Institute for Justice · February 6, 2020

Arlington, Va.—Today, the Institute for Justice (IJ)  announced they will intervene to defend the nation’s newest educational choice program from a legal attack announced this morning by Nashville Mayor John Cooper.

The mayor announced a lawsuit brought by the Metro Government of Nashville and Davidson County, Shelby County and Metro Nashville Board of Public Education, that claims Tennessee’s Education Savings Accounts (“ESA program”) for parents of K-12 students violates the Tennessee Constitution.

“Tennessee’s ESA program is constitutional and IJ stands ready to defend it in court so that Tennessee families can send their children to the school that best fits their child’s needs,” said Arif Panju, an IJ managing attorney. “The mayor’s lawsuit to block ESA accounts for K-12 students reveals his disregard for the rights of parents and children.” IJ will represent parents who plan to use ESAs to send their children to a school that best fits their child’s needs.

The ESA Program was passed in 2019 by the Tennessee Legislature. The program offers a lifeline to families that would like to leave public schools that do not meet their children’s needs, but who lacked the financial resources to do so until now. Under the ESA program, qualifying students will receive a scholarship up to $7,300 for a wide array of educational expenses, including tuition, textbooks, and tutoring services. The program is available to qualifying lower- and middle-income families like a family of four whose annual income is less than $66,950.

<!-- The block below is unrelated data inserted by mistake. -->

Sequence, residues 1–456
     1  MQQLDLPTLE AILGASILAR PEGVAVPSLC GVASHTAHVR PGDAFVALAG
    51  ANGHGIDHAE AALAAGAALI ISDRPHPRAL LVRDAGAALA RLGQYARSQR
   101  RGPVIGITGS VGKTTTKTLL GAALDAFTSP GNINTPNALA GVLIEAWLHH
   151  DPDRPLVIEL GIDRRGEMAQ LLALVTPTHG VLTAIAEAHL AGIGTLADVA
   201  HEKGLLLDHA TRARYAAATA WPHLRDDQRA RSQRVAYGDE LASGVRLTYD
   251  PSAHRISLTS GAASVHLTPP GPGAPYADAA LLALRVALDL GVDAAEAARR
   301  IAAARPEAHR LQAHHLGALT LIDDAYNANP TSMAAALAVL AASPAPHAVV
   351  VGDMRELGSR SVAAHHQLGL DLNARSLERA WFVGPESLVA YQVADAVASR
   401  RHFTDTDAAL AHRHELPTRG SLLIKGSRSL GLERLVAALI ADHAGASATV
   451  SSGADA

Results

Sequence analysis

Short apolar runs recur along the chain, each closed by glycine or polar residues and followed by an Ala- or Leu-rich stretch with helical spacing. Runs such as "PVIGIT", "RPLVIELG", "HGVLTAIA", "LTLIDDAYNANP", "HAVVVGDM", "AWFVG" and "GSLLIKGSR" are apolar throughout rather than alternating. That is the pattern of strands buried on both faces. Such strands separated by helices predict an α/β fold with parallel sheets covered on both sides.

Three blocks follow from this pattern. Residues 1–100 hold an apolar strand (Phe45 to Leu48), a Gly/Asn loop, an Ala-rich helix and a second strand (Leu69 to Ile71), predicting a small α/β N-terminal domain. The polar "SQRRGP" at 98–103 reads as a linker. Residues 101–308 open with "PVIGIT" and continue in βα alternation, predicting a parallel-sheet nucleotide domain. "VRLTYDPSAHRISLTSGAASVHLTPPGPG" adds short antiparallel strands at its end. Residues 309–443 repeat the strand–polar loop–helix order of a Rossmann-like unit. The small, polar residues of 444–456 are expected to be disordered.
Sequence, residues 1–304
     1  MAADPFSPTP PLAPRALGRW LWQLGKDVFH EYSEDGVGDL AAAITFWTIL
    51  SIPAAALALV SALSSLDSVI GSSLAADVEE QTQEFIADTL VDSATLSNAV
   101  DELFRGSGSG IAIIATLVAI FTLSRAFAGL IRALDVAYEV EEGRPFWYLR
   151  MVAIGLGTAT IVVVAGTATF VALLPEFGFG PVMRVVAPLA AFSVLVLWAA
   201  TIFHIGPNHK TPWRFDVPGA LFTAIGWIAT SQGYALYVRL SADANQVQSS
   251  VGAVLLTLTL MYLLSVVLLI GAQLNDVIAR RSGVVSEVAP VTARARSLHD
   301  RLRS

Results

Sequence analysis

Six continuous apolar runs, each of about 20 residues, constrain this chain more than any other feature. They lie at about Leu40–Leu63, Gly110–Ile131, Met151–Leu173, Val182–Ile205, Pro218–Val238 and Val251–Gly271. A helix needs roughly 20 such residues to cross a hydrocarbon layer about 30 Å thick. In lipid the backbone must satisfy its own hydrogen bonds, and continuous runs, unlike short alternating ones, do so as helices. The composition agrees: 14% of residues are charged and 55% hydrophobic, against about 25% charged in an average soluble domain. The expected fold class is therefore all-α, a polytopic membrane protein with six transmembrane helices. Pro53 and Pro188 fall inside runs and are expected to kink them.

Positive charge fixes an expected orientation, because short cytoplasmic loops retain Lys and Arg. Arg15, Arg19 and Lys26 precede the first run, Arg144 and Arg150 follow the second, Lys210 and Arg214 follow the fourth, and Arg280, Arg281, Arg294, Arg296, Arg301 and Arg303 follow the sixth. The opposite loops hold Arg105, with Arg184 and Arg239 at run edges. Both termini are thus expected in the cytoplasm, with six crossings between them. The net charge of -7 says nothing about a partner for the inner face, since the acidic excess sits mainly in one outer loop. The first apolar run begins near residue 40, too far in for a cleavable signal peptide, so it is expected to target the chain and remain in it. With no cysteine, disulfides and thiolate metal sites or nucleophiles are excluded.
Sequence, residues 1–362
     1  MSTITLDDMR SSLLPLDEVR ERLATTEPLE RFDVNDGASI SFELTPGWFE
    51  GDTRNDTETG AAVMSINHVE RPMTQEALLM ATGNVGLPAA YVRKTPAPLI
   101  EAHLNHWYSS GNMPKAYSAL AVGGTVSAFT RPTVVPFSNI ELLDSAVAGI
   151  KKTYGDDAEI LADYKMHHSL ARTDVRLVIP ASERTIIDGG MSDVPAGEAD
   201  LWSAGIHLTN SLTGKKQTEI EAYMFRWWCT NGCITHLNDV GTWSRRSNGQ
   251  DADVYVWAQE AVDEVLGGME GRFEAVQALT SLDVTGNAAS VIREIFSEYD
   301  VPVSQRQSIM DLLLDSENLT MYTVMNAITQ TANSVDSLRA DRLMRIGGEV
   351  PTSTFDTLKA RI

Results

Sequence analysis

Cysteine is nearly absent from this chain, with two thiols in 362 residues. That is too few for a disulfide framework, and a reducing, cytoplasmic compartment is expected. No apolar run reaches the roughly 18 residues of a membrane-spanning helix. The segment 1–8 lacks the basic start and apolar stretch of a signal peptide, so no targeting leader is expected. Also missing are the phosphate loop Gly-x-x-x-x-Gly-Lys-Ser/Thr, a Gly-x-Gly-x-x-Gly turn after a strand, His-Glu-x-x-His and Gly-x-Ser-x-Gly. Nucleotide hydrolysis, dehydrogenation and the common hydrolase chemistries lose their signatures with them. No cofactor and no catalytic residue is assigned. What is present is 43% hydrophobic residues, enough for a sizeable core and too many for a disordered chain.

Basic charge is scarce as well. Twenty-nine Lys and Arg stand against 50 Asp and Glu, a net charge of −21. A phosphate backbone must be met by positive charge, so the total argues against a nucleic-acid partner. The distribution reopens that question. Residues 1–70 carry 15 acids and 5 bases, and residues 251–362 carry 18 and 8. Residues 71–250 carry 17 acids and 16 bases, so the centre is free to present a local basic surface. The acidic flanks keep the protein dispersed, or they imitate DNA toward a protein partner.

Defending Tennessee’s ESA program will achieve something vitally important to parents and children across the state: It will allow parents to leave public schools that fail to meet their child’s needs. Rather than empowering families with kids trapped in schools that don’t work for them, the mayor’s announcement that he wants a court to invalidate the ESA program empowers teachers’ unions and their allies, not parents and kids.

“Educational choice programs that aid parents from communities in need are constitutional,” said IJ Attorney David Hodges. “Tennessee’s ESA program was designed to provide parents an educational option that empowers them to obtain the best education for their children.”

Since its founding over a quarter-century ago, IJ has successfully defended school choice programs across the country, including three times in the U.S. Supreme Court. This January, the U.S. Supreme Court heard Espinoza v. Montana Department of Revenue, an IJ case that asks the Court to strike down a government ban on using tax credit-funded scholarships to attend religious schools.